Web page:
The Federal Transit Administration is rolling out an important tweak to its grant criteria for mass transit projects in a way that should make the New Starts program substantially friendlier to dense walkable neighborhoods.
I wrote about this a year ago at an earlier stage of the process. But under the old rules, basically the only criteria was how much do you speed-up commute times in the metro area in question. The way you speed commute times in a cost-effective manner is you take an existing congested freeway, and you expand freeway capacity by building a commuter rail line in the median, with park-and-ride stations spaced far apart (so the trains don't waste time stopping and starting) surrounded by open air parking lots. That creates a new transportation option that's not slowed down by traffic jams.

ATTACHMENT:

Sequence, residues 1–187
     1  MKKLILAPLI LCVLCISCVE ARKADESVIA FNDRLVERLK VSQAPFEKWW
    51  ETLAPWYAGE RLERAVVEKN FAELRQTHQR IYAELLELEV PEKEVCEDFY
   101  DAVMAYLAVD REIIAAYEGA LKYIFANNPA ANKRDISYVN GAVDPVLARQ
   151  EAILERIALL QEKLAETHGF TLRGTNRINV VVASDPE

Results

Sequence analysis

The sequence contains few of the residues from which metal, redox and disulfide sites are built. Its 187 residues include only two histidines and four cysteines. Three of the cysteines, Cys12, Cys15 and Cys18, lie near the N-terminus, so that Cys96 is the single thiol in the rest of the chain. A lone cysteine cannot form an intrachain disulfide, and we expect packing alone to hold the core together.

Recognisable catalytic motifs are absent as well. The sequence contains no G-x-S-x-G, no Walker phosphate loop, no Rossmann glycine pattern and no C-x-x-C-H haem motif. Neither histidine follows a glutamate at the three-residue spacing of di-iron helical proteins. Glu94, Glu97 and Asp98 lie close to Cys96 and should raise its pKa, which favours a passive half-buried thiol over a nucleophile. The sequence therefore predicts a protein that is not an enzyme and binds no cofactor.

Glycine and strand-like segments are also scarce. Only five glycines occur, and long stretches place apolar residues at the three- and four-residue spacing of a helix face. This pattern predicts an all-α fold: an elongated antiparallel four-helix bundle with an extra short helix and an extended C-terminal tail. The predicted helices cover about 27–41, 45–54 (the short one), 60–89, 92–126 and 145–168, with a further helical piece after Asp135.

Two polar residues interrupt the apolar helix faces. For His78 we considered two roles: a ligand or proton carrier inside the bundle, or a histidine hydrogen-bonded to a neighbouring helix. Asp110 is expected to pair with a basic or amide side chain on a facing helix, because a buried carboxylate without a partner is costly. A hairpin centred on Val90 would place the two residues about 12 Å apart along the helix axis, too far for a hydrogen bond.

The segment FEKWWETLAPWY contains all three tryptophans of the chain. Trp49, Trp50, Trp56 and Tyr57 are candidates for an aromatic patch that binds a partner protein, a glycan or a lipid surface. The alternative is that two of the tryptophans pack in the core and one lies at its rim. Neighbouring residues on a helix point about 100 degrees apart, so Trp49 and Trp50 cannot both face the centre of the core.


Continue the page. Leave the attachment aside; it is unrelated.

But it doesn't create anything like the walkable transit-oriented neighborhoods that we know from traditional cities. Urbanist rail transit requires stations to be relatively close together (so you get an extensive neighborhood) and it requires the stations to be surrounded not by parking lots but by fairly dense patterns of dwellings, shops, and offices. There's no question that systems built on that model don't move people as quickly as systems built on the park-and-ride model. And yet all the most-used rapid transit systems in America are built on the urbanist model rather than the park-and-ride model.
As Angie Schmitt explains, the idea of the new model is to judge systems based not on time but "instead on the number of passengers expected to be served." That doesn't prohibit a park-and-ride plan if that's what's best-suited to local conditions. But it means that projects focused on density—not just in terms of the transportation infrastructure built but the existence of complementary zoning and such—have a much better chance to win.